Cash is king in the real estate market throughout Southern California in general and in Orange County in particular, where thanks to falling home prices, more people with the means seem interested in plunking down a lump sum and getting a home free and clear.

But many of these buyers aren't just people in search of the American Dream in a field of falling home prices. They are cash-bearing investors looking to buy, and often flip, properties.

And a large number of these buyers may be foreign investors banking on an eventual rebound and the ebb and tide of the greenback, local market watchers say.

The upside is these buyers may be giving the languishing market a small boost. The downside is they are out-competing the traditional buyers who wish to test the market, experts say.

All-cash buyers in a down market looking for foreclosed or real-estate-owned, or REO, properties on the cheap aren't new market fundamentals, but indications are the trend is gaining momentum and the type of investors coming into the market with all-cash is broadening.

"Last year, 28% of all sales in Orange County were for all-cash," said Gary Watts of Impact Real Estate in Mission Viejo. "Last month, in all of Southern California, the all-cash sales represented 26% of purchases."

Watts, who regularly gathers and presents his data at Orange County Assn. of Realtors' meetings, said that based on what he's seen and what he's heard from his colleagues, many of these all-cash buyers are seeking comparatively safe investments from abroad.

"There is no doubt that foreigners are coming into the market and paying all-cash because unless they have established U.S. income and have tax returns, the lenders will not give them a loan," Watts said.

Watts said that some foreigners are buying REO properties for all-cash "because the rate of return on these properties as rentals is greater than any rate they can get in the world on their liquid money."

In doing this, these investors are making two bets: The value of the depressed REO property will appreciate, and the value of the U.S. dollar is low now, Watts said, adding, "therefore when they sell in the future, they not only expect a gain on the value of the property, but then if the dollar rises, they get a double bang for their buck."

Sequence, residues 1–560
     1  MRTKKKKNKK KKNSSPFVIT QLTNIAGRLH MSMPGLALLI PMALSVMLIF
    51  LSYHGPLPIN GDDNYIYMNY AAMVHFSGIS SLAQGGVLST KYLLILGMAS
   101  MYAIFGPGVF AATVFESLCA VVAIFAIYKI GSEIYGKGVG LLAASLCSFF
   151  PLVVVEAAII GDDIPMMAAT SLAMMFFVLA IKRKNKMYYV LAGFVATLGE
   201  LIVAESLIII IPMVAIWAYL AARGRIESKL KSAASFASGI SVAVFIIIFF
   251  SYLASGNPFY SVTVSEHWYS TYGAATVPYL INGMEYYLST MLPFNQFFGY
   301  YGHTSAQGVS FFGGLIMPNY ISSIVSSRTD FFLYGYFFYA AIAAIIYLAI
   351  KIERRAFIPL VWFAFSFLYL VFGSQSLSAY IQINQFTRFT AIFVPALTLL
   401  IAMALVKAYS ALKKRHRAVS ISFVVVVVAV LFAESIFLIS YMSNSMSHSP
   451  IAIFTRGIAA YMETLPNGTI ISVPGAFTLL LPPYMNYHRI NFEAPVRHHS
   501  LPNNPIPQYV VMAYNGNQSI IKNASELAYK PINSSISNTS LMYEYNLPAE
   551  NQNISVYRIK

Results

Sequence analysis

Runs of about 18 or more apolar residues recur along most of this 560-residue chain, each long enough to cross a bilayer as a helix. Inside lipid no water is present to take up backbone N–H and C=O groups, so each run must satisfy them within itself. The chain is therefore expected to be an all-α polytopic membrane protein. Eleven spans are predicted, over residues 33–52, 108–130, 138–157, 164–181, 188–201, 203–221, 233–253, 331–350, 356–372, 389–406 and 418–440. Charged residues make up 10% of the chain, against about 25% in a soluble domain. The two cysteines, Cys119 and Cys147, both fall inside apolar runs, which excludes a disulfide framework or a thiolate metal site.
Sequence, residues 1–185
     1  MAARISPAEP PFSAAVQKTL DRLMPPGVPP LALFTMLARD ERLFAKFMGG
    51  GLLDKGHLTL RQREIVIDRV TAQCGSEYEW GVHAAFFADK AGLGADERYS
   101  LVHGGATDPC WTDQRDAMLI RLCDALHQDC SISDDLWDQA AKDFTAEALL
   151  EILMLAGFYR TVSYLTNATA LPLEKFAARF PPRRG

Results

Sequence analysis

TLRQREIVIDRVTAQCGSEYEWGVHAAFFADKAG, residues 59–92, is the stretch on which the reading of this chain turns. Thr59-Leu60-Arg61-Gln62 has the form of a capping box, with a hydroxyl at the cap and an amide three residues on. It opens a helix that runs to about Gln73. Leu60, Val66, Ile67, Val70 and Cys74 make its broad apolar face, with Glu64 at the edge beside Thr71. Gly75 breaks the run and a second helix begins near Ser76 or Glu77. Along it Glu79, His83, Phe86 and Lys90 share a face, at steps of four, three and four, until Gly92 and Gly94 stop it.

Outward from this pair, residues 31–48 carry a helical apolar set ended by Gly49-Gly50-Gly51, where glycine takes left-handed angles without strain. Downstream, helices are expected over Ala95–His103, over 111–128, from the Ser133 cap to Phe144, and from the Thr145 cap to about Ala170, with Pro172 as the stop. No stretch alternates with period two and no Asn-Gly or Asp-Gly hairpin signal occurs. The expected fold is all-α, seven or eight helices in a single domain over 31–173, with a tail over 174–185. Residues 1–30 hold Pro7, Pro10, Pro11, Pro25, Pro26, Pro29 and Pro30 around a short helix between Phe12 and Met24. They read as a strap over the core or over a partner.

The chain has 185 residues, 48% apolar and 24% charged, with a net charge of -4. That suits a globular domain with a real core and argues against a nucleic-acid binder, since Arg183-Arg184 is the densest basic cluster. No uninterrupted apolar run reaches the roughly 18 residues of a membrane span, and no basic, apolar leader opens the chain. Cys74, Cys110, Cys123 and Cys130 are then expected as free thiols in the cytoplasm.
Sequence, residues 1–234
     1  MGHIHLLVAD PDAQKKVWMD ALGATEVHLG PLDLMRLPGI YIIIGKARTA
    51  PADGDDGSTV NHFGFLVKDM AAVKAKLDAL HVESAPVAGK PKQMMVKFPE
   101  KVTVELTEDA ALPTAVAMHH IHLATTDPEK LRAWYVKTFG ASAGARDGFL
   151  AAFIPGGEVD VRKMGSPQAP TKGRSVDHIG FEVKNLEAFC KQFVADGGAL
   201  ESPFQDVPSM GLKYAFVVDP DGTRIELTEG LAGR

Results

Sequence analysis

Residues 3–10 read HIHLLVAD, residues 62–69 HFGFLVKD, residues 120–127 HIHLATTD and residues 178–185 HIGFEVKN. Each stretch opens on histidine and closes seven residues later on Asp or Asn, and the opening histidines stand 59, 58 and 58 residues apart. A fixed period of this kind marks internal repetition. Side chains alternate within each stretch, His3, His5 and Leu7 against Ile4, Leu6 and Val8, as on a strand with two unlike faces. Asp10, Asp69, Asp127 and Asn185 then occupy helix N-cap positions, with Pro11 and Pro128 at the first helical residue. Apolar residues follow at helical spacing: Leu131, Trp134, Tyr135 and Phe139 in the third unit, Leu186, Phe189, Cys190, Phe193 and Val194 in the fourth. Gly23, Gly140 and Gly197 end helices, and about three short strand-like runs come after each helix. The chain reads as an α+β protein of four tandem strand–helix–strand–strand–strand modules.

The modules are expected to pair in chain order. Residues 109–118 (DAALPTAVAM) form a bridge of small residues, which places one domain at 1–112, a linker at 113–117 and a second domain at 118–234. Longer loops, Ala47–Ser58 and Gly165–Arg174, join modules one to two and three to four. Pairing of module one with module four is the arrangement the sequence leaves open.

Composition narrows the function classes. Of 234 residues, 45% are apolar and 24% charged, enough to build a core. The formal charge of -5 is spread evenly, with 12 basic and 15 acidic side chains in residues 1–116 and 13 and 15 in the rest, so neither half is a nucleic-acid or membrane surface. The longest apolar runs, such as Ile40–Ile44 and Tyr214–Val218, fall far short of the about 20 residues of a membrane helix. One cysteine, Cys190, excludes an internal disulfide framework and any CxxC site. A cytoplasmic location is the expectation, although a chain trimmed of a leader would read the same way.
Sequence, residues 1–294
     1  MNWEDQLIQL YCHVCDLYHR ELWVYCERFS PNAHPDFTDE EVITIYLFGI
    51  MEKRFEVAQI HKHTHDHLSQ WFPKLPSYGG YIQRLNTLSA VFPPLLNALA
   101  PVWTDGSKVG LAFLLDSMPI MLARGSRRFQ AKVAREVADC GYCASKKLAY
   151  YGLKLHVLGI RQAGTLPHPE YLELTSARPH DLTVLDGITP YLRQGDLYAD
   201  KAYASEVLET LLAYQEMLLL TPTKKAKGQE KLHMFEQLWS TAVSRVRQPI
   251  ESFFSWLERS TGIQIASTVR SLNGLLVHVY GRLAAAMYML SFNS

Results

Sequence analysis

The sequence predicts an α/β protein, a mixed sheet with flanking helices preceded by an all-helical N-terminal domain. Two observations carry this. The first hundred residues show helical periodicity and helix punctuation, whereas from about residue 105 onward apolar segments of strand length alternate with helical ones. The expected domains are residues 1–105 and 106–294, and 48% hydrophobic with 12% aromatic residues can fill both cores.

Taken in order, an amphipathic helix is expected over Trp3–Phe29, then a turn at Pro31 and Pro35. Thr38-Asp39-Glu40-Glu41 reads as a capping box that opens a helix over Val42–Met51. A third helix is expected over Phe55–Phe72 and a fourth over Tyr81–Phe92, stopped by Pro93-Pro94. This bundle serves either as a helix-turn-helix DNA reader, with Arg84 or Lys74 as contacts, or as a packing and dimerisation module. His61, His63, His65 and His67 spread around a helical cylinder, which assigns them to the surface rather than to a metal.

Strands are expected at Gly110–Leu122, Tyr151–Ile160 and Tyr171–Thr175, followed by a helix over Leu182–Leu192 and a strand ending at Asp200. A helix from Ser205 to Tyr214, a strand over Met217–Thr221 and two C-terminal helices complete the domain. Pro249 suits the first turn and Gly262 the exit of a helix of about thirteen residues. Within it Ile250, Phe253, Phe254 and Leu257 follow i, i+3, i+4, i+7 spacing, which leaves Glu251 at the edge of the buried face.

As for domestic investors, they are paying all cash-because the stock market is too volatile. And, like their foreign counterparts, they enjoy a healthy return on investment with today's rising rental rates.

"These investors see increasing rental rates in the future, due to the depressed economy and massive foreclosures forcing previous homeowners into the rental market," Watts said.

Linda Reynolds of Newport Beach-based Teles Properties is not only noticing more all-cash buyers interested in buying homes with the aim of renting them, but these inventors are increasingly seeking existing rentals.

"I am seeing more people wanting to purchase a rental property, which seems to be a good sign," she said, adding, "there's limited inventory in the multi-unit marketplace."

There's a downside to all of this.

"Investors with all-cash have been in the market for a couple of years, unfortunately they can beat out the entry-level buyer in the lower- to middle-price range because they have all-cash," she said.

Despite interest rates that are among the lowest in the past 50 years, and lower home prices, these buyers "do have to finance their purchases, and that is why many may loose out to the investor-all-cash buyers."

Aside from the individual investors, real estate agents themselves seem to be using their own money, or gathering in small numbers, and looking to buy foreclosed upon homes, considering it a quality investment in a distressed asset.

"I have seen a few small groups put together investors with all-cash to purchase properties, usually the distressed properties," she said. "Overall, all-cash deals are showing up in all areas, and I am seeing more transactions in all ranges that are all-cash than ever before."

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